Atheism, Philosophy, Near Death Experiences, and Causal Dependency

In terms of atheism and philosophy, a big issue that near death experiences (NDEs) drive us to confront is what we think about the causal dependency of the mind upon the brain. In British philosopher Keith Ward’s exceptional book, Why There Almost Certainly Is a God: Doubting Dawkins (Lion 2008), he writes (p. 18):

The existence of consciousness refutes radical materialism, the theory that nothing exists except physical things in space and time. But emergent materialism, the theory that minds arise from matter, even though they are not just material, is more plausible. However, if you are an emergent materialist, you have already taken the first step towards forming some idea of God. You have said that not everything is a physical object in space. There are non-physical, non-spatial entities—minds, perceptions, thoughts and feelings—that really exist, even if they are, as Dawkins claims, causally dependent on physical brains. Causal dependence is, afterall, a contingent matter. It could have been otherwise.

It could have been otherwise. Whoa! Stop right there. There is no need for this timidity. Near death experiences change the ballgame and expand the range of reasonable discussion. NDEs suggest that mind may not just be an emergent property of matter, causally dependent on it, and therefore susceptible to passing away with the brain’s dissolution, but may be separate from the brain. In other words, NDEs force us to confront the possibility—not just that minds are real and cannot be reduced to matter—but that minds cannot be reduced to matter precisely because they are really and wholly independent of the brain (as radio waves are independent of radio receivers). In short, NDEs drive us to a reconsideration of dualism—and dare I say it?—of ghosts.

Mind. Blowing.

About Santi Tafarella

I teach writing and literature at Antelope Valley College in California.
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5 Responses to Atheism, Philosophy, Near Death Experiences, and Causal Dependency

  1. gonovelgo says:

    I’m a little confused about the quote from Ward. Specifically this bit:

    However, if you are an emergent materialist, you have already taken the first step towards forming some idea of God. You have said that not everything is a physical object in space.

    It seems as if he’s taking a bit of a leap here. Emergent materialism is more or less how I think of the mind right now (although I didn’t know it was called that until I read this post), but I’m not sure how that means I’ve ‘taken the first step towards forming some idea of God’. The fact that I’m leaning towards a vision of the mind that isn’t strictly material doesn’t invalidate any of my problems with the concept of God. I still don’t think that the traditional arguments are very persuasive, or that theists can offer many good reasons at all for believing in God. Just going off that single paragraph, it seems as if Ward is getting ahead of himself, or else being drawn in by the semi-pervasive idea that anybody who moves away from strict materialism will inevitably gravitate towards theism.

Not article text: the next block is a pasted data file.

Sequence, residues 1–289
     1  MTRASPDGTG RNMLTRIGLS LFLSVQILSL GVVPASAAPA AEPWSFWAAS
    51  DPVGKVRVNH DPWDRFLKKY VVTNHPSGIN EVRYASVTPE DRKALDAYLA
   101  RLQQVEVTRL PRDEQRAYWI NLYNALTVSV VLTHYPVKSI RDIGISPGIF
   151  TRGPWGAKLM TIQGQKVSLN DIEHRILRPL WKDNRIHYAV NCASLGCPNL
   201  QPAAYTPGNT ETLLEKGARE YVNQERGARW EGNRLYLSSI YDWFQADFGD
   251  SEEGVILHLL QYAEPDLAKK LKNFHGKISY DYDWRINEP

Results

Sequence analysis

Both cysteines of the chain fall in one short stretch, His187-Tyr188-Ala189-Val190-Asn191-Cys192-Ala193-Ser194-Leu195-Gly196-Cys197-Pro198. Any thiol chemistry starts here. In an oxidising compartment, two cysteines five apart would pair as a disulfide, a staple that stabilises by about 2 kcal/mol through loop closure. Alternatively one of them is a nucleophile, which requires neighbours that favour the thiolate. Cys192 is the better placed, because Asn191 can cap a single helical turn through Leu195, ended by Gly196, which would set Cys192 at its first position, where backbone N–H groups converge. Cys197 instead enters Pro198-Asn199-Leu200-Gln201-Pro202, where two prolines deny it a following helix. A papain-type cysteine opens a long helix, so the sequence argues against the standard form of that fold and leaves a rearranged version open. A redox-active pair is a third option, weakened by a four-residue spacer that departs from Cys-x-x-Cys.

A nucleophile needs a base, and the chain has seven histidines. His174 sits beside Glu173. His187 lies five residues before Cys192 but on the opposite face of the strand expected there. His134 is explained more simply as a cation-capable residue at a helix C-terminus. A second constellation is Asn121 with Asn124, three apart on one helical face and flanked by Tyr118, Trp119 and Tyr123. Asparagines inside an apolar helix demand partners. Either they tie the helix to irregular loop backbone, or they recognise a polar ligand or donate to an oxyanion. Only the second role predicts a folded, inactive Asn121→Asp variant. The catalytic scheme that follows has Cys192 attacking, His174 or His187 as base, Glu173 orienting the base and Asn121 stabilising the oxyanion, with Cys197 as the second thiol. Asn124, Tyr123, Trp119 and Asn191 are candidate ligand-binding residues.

2. santitafarella says:

    Gonovelgo:

    I like your Dark Star image of gravitation in your last sentence. But I think Ward is simply suggesting that matter might have been otherwise. In other words, matter might have continued to make just, well, more matter. But matter apparently has the property of producing minds. Why does it have this curious property? It drives us into a question of where this contingency came from in the first place. Why is there mind in the universe when there might have been no mind—when it might have been just as easy, in a material universe, to have no mind? It’s not the kind of universe you would think a strictly materialist universe would produce. It’s baffling.

    —Santi

    • gonovelgo says:

      Quite baffling indeed, but I’m not sure that I see how this connects in any way to God. Isn’t what Ward doing, if I’m reading him right, equivalent to invoking God as a sort of ‘fall-back’ explanation when all others fail? (Or when we’re baffled, to put it another way.)

  3. santitafarella says:

    Gonovelgo:

    I agree it is a kind of god of the gaps argument. But I think that most theistic arguments are god of the gaps arguments. I don’t think that god of the gaps arguments are necessarily poor ones. They are the places where theism can be reasonably entertained (though not proven). They are the places where material explanations do not suffice.

    We want science to close all routes to god via material explanation. We want science to do its work. It is a tool for closing causal routes via material explanation. But what science gives with one hand, it may take away with the other. God will probably always be that piece on the chessboard that you can’t quite get in checkmate, and that makes life interesting. You close one route, another opens. Materialism chases its tail, and that tail is God.

    —Santi

    • gonovelgo says:

      I don’t want to see pedantic here (perish the thought :P), but I would have thought that materialism’s ‘tail’ would be ignorance. As in, one would be more justified in simply saying that they don’t know something than they would be filling the gap with God. That’s always been my view – I can never understand people who seem to feel that a ‘coherent’ or full explanation, no matter how speculative or outright unsupportable, is always better than no explanation at all.

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